Tuesday, 4 August 2015

Focusing on what matters

Ernst and Young - a large firm of accountants, m'lud - have changed their staff recruitment practices. The BBC picked up the story, and undoubtedly it is of interest.

What's happening is that EY are no longer looking - during the early stages of recruitment - at an applicant's A levels or university degree. Applicants will still give these details, and they will be looked at by EY recruiters before appointments are made, but at the first stage EY will only go on the outcomes of their own tests.

EY use, it seems, online 'strengths assessments' which focus on Leadership, Commerciality, Networking and Influence, as well as numeric tests. And by excluding information about a candidate's background and prior education EY hope to remove a barrier to entry to the firm - moving away from practices which meant that such firms often recruit in staff members' own image: 'good' schools, 'good' universities, and similar (middle-class) backgrounds. Stop using a mirror!
Not the best interview panel

This isn't a leap in the dark - EY have looked at 18 months' results of their own assessments and are confident that they capture all the attributed that they want. Nor is it political correctness. It is part of what helps equality - a focus on what you're looking for, not just what you see at first glance. And it is good news that EY don't assume that a good degree measures all that you might want in a future colleague. Getting the right people is the hardest part of any venture.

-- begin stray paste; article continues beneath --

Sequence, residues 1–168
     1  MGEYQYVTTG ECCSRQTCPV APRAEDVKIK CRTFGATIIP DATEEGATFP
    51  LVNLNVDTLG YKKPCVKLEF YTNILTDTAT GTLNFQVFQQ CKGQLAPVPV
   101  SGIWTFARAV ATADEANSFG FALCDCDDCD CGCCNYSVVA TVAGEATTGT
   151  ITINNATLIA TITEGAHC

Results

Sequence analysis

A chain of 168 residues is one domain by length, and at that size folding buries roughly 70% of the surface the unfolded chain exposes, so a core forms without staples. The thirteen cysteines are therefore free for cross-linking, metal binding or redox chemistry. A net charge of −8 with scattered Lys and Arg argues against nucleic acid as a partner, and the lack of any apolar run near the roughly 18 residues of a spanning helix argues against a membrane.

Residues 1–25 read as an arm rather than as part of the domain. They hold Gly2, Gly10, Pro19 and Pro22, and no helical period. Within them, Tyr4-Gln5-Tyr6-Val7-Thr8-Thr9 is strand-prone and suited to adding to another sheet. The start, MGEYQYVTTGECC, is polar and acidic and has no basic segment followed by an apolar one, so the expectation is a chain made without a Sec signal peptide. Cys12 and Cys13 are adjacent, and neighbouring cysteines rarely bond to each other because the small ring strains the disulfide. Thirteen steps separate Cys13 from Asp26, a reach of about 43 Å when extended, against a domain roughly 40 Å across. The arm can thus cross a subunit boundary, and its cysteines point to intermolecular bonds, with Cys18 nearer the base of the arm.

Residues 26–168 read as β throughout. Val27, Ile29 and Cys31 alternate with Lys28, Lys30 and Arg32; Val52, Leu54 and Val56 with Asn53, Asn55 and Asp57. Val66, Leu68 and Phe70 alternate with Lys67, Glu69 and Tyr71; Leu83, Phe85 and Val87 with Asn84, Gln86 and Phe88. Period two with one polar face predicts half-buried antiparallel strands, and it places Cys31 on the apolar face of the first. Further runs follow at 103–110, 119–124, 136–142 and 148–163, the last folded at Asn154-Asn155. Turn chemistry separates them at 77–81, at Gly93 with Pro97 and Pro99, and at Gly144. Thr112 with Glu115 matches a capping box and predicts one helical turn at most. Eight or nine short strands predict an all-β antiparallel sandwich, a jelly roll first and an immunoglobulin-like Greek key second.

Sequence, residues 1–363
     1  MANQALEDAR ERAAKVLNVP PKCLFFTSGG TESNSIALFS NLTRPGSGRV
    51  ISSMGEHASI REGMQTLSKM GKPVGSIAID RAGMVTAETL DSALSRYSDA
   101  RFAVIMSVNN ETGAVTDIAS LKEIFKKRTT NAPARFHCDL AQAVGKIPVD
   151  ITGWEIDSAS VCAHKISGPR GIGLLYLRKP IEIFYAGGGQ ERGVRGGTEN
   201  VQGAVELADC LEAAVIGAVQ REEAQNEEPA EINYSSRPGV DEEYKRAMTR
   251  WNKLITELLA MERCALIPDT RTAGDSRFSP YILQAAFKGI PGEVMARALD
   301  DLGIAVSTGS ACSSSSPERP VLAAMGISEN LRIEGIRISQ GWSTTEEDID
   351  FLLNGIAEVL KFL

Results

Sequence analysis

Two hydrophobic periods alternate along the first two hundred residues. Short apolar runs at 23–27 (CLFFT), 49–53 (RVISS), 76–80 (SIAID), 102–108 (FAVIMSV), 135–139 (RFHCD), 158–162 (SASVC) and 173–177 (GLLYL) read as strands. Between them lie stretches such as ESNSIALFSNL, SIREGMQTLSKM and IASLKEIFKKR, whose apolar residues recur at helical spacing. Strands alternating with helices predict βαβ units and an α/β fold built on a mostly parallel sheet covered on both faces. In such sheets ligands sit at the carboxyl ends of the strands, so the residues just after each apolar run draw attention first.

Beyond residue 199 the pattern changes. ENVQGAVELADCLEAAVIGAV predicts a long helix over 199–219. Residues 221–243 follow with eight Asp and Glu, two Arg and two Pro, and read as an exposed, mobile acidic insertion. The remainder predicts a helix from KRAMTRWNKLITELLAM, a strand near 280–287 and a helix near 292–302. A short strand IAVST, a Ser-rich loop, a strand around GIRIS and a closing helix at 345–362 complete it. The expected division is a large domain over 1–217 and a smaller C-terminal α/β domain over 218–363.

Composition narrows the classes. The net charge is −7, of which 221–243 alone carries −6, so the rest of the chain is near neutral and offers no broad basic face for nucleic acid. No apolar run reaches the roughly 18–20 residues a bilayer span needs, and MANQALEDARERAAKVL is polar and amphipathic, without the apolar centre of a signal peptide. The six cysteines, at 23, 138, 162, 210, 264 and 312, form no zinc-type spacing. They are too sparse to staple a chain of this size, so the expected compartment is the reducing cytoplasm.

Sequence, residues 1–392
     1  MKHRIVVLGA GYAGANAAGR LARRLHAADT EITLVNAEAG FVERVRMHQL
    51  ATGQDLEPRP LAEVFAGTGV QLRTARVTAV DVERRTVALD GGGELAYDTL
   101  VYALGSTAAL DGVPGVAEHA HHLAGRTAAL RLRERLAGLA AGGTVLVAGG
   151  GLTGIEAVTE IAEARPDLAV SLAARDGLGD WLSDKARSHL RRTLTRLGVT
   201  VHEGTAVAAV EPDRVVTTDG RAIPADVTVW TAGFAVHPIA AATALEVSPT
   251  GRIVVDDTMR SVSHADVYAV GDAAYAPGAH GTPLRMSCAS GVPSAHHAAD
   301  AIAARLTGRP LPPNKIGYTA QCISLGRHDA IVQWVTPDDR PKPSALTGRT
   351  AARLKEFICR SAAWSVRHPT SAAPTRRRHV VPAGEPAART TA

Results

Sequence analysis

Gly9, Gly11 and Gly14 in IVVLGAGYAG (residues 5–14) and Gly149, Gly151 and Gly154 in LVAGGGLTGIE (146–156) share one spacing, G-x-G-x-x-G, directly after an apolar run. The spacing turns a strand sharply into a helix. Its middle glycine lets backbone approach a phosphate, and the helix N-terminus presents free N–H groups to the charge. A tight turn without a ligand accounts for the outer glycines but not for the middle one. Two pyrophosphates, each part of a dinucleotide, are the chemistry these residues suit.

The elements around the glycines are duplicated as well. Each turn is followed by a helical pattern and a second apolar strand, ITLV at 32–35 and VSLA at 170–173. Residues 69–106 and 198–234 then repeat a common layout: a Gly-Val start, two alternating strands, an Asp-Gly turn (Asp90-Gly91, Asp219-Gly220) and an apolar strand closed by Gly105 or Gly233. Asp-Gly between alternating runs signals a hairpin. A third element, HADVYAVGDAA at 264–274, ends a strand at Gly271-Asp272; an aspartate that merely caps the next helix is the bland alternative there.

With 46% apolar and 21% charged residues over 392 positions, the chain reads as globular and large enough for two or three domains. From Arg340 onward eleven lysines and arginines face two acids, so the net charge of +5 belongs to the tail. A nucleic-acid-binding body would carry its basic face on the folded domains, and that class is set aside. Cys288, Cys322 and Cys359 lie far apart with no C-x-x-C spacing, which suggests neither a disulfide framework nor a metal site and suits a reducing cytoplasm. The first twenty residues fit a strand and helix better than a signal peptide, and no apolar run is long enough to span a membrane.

So will this mean the end of students chasing good universities? I doubt it: positively, education in an intellectually challenging environment can never be a bad thing for a person. And negatively, I'm sure there'll be ways for candidates to make known where they studied. There's a loophole in every process: I'm sure many will have experience of age-blind recruitment processes where its possible to use dates of degree awards and career progress to estimate a candidate's age in advance of meeting them.

There's two lessons for universities in this. Firstly, the importance of developing students' skills beyond the curriculum. And secondly, are there things universities can learn about assessment? It'll be interesting to see whether other firms follow EY's lead.

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